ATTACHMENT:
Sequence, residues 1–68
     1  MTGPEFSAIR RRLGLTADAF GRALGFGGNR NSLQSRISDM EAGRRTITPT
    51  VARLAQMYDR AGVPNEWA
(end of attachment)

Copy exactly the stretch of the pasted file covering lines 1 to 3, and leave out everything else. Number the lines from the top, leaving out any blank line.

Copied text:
Sequence, residues 1–68
     1  MTGPEFSAIR RRLGLTADAF GRALGFGGNR NSLQSRISDM EAGRRTITPT
    51  VARLAQMYDR AGVPNEWA